Flexibility & ISO

Don't listen to the Kim K's of the world. You won't leave ISO more flexible no matter how hard you work.
Ashleigh Flanagan
March 19, 2022

With more people needing to isolate as close Covid -19 contacts, I am hearing more insta- coaches decree that ISO is no excuse to lose training gains. While I endorse maintaining your training routine, if you can, this sentiment screams of Kim Kardasianesq privilege and lack of insight.

"Get your f**cking a** up and work."

Ref: Kim Kardashian Faces Criticism Over Work Ethic Remarks | The View

Like insta 'tough love' coaches, I'm sure Kim K didn't mean to cause harm, and only wanted to influence, inspire and motivate with her recent comments. I'm sure that her message wasn't meant for those already struggling or unable to work harder. I also assume that she too has been a victim of shame-based motivation, so she doesn't recognise how toxic and ineffective it can be.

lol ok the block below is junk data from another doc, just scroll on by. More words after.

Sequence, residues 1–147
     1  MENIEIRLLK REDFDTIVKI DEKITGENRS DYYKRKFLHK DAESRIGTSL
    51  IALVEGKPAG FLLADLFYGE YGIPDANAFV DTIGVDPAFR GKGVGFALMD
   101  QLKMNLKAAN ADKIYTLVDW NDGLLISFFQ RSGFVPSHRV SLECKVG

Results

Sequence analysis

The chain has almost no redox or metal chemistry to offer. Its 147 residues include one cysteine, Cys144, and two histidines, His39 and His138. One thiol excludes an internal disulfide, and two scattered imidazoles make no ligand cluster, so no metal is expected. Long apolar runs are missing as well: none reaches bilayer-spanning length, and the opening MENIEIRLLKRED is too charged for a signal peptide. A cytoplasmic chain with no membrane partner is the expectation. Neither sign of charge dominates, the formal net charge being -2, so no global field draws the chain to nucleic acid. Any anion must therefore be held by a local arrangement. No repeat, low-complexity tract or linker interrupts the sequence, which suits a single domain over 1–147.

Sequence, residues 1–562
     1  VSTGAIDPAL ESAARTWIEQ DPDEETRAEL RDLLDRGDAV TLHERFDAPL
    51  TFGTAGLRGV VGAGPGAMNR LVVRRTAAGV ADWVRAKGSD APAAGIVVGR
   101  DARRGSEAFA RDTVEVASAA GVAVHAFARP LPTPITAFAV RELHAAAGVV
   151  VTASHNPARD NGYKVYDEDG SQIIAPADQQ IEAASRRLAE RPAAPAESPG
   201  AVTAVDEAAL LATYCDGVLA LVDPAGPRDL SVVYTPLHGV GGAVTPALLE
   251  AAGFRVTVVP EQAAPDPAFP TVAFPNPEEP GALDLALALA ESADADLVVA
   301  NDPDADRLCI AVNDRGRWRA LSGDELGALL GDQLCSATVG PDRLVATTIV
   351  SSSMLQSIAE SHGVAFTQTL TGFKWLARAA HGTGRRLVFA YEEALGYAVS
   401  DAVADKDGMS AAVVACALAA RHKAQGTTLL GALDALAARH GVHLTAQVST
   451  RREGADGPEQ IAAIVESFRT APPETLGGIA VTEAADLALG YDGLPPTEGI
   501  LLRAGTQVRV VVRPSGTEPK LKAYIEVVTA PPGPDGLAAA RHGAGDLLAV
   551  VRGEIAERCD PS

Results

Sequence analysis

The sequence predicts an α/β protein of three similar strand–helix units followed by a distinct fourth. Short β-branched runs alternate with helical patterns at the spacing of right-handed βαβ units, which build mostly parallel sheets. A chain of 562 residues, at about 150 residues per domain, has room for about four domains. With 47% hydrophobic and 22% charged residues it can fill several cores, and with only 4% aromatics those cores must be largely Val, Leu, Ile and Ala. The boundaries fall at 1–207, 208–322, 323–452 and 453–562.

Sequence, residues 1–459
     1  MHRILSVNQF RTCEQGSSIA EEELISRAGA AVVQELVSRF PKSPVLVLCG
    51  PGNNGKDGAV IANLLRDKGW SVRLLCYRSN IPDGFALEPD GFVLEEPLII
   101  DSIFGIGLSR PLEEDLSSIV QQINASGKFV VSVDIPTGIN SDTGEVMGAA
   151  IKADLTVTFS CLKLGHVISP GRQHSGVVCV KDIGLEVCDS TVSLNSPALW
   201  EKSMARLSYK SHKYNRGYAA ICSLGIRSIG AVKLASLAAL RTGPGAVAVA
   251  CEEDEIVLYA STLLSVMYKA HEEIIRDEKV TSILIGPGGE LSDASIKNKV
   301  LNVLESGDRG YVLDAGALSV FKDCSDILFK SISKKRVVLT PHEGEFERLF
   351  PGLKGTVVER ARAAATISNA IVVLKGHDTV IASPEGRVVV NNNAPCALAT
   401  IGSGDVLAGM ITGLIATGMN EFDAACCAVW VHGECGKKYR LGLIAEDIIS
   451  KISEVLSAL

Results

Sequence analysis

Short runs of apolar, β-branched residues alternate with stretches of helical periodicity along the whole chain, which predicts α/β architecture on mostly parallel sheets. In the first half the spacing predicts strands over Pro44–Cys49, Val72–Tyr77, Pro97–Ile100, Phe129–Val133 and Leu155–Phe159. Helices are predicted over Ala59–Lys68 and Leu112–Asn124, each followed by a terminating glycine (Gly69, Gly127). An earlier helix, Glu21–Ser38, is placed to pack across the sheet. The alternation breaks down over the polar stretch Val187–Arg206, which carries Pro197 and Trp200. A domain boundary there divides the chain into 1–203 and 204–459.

Be kind to yourself 

If you can practically continue training in ISO (e.g. you have time available after keeping yourself alive, working from home, homeschooling, caring duties etc.), it's important to be realistic and kind to yourself. As I described in my last post, being in isolation puts an increased load on your system even if you are well. Any challenge to your sense of safety and security can trigger your sympathetic nervous system fight/flight response. This survival response down-regulates rest, recovery, growth, and healing. It means that you need to actively prioritise nutrition, hydration, sleep and self-care. While developing a routine and moving in meaningful ways can be very helpful, iso is not the time to smash yourself or pressure yourself to train more than you usually would.

Read the post here. 

This is especially true for flexibility training because you are loading your body in potentially threatening ways. During times of stress and uncertainty, your tolerance to stretch will be less.

You won't lose flexibility in a week or two…